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De La Soul’s music may be coming to streaming services

Reservoir Media acquired De La Soul’s former label Tommy Boy Music and want to work with the group on making their music available to fans.

De La Soul Roy Rochlin/Getty Images

The records from De La Soul’s iconic discography may be coming to streaming services soon.

Earlier this week, Tommy Boy Music — the record label who held the group’s music hostage over the years — was acquired by Reservoir Media. With De La Soul’s hits now in Reservoir’s possession, the company announced that they’re willing to work with the group and make their catalog available to their fans.

“We have already reached out to De La Soul and will work together to bring the catalog and the music back to the fans,” a spokesperson for Reservoir told Variety.

Reservoir’s $100,000 acquisition ends a years-long fight between De La Soul and executives of their former record label, Tommy Boy Music.

The rap group — who has made their money from touring and merchandise — has attempted on numerous occasions to negotiate the terms of their unclear deal and get themselves released from the contract altogether, but their efforts were constantly met with rejections.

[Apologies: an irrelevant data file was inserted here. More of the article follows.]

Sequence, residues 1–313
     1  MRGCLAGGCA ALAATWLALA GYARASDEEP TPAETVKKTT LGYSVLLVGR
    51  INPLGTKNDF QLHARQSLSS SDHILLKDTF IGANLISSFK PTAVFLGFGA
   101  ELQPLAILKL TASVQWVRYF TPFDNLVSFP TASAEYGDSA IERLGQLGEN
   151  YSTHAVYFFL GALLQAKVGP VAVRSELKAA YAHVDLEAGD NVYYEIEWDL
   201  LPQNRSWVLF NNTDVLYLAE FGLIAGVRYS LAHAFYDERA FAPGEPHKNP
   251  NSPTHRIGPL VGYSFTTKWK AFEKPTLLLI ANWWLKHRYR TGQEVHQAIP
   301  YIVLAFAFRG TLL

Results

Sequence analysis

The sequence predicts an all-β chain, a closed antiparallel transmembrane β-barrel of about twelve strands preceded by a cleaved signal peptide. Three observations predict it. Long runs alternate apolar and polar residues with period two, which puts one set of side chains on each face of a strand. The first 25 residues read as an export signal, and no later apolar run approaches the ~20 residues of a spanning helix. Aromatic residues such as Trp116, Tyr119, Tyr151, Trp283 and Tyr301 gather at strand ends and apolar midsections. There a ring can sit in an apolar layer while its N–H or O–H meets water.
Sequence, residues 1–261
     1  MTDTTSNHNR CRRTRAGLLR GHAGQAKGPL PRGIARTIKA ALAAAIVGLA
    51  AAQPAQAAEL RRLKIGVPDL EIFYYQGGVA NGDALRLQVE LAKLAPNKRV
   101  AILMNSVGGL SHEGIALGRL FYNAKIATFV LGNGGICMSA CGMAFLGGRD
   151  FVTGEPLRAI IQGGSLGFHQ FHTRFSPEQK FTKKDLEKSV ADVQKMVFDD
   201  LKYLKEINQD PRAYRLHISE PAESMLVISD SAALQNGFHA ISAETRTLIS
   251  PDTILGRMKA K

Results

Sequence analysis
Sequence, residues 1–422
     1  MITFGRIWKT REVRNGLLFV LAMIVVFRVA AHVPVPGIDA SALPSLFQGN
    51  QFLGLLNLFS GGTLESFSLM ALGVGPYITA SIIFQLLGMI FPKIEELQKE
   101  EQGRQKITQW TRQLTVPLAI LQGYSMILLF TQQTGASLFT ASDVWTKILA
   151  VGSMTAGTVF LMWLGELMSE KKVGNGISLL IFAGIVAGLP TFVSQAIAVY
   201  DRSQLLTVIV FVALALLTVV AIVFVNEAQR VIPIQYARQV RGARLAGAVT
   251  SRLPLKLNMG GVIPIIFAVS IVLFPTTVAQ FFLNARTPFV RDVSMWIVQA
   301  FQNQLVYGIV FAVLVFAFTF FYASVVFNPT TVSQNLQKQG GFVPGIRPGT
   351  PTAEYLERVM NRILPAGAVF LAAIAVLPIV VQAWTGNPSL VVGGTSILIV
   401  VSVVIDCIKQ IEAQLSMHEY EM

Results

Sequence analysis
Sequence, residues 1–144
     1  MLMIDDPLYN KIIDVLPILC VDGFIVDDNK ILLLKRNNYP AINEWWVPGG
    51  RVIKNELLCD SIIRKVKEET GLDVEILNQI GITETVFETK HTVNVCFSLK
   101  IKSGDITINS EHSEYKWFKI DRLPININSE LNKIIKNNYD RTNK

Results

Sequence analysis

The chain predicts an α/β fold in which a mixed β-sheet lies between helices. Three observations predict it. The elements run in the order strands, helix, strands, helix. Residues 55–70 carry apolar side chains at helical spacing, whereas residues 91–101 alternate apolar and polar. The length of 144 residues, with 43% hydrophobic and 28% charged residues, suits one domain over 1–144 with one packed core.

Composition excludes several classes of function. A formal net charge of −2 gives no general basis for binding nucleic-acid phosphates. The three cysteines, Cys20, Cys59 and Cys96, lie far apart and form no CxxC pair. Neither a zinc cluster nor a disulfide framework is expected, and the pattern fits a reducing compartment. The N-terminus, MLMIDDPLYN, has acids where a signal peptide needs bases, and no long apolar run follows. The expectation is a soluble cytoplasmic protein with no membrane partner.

On one occasion, Tommy Boy’s founder, Tom Silverman, reportedly offered them a deal that would give them only 10% of streaming revenue. The split, Silverman explained, was low because the label factored in costs for their many uncleared samples, deducting that price/percentage from their payments. De La Soul declined the deal, and the group never got the rights to their music.

“We realize, there is a process in reclaiming ownership but we do not trust Tommy Boy in this process after so many years of disappointment,” the rap trio captioned a 2019 Instagram post. “Therefore, our catalog will not see the light of day by way of our involvement or consent.”

Now, with Reservoir owning their catalog, the rap group may finally be able to acquire their masters, get paid for their music and have songs like “Plug Tunin’,” “The Magic Number,” “Eye Know,” and “Me, Myself and I” on streaming services.

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